Understanding different perspectives is crucial to working together across service, agency, and organization lines to accomplish the Department of Defense (DOD) mission. The Office of the Secretary of Defense (OSD) Supply and Transportation Fellows Program offers a unique opportunity to gain new perspective by expanding both the breadth and depth of one's knowledge base.
Most DOD employees spend their careers within a particular service or agency, often within a specific career field, which limits their knowledge base. The OSD fellows program is designed to overcome this by exposing fellows to joint and interagency perspectives while providing experience in transportation policy and supply chain integration.
Different perspectives among the services are the inevitable result of the legal framework for the armed forces. Three separate sections of Title 10, U.S. Code, charge the Secretaries of the Army, Navy, and Air Force to recruit, organize, supply, equip, train, and maintain their forces. Left unchecked, each service would likely achieve mission effectiveness without regard for economies of operation and scale.
However, Section 133 of Title 10 gives authority to the Undersecretary of Defense for Acquisition, Technology, and Logistics to establish policies for logistics, maintenance, and sustainment support DOD wide.
By design, the OSD staff reviews business practices from each service and agency and formulates policy to implement the best ideas across the DOD. Whether tracking retrograde movements or developing demand forecasting algorithms, the services have much to learn from each other.
As a participant in the fellows program, I had the opportunity to participate in interagency discussions on ocean transportation with a number of federal agencies. I also represented OSD at an interagency meeting on hurricane preparedness where I briefed the DOD's role in Jones Act waivers for the use of non-U.S. built, owned, and flagged vessels in the event of an emergency.
To develop the depth of their knowledge base (that is, the ability to understand processes from the strategic down through the operational and tactical levels), fellows work on special projects. One of my projects was to prepare an exception to policy for the Deputy Secretary of Defense to sign, which would allow contractors to depart Iraq on a space-required, nonreimbursable basis.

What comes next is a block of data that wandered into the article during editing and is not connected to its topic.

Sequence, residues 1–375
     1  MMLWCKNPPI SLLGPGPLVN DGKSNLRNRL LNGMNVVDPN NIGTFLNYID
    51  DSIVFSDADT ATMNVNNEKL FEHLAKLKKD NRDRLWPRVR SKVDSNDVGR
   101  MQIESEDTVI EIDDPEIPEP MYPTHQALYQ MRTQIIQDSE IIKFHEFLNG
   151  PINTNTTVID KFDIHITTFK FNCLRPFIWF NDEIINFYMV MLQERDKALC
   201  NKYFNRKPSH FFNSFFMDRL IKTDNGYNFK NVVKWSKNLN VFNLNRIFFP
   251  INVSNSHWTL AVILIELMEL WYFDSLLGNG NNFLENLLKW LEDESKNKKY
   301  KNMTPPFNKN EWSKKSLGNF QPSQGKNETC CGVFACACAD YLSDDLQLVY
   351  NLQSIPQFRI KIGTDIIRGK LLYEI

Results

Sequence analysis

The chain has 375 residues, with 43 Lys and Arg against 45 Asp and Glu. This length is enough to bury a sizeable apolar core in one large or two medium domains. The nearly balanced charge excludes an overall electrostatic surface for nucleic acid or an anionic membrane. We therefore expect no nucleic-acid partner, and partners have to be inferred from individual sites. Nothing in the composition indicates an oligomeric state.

Although this appeared to be a straightforward task, I had to ascertain the details down to the forward operating base level and work with each organization, from the local contracting activity through U.S. Forces-Iraq to various DOD offices. Through this and other projects, I was able to make policy recommendations and see them move toward fruition.
The fellows program also provides participants with enough autonomy over their agendas to achieve a good balance between training objectives and work accomplishments. White space on the calendar can be filled with functional area meetings, shadowing OSD employees, or pursuing outside professional development. I pursued countless opportunities to enhance my leadership skills and gain familiarity with the logistics processes of the military services and DOD agencies. I attended joint forums, such as the Joint Logistics Board, Supply Chain Executive Steering Group, and Strategic Human Capital Executive Steering Group, and conducted site visits to the U.S. Transportation Command, Defense Logistics Agency directorates, and the Department of Energy. I also participated in university training, such as the Advanced Program in Logistics and Technology with the University of North Carolina, and the Congressional Operations Seminar taught by the Georgetown Government Affairs Institute.
A year from now I will have forgotten the specific commands required to navigate OSD's tasker system, but perspective does not fade quickly. The OSD fellows program broadened my perspective in a way that will in turn broaden my career and enhance my contributions to the DOD.
Randal Kendrick is a member of the Office of the Secretary of Defense Supply Chain Integration staff. He holds a bachelor's degree in business management from Grove City College and a master's degree in business administration from Cameron University. He is a graduate of the Logistics Executive Development Course and the OSD Supply and Transportation Fellows Program.
This article was published in the July-September 2013 issue of Army Sustainment magazine.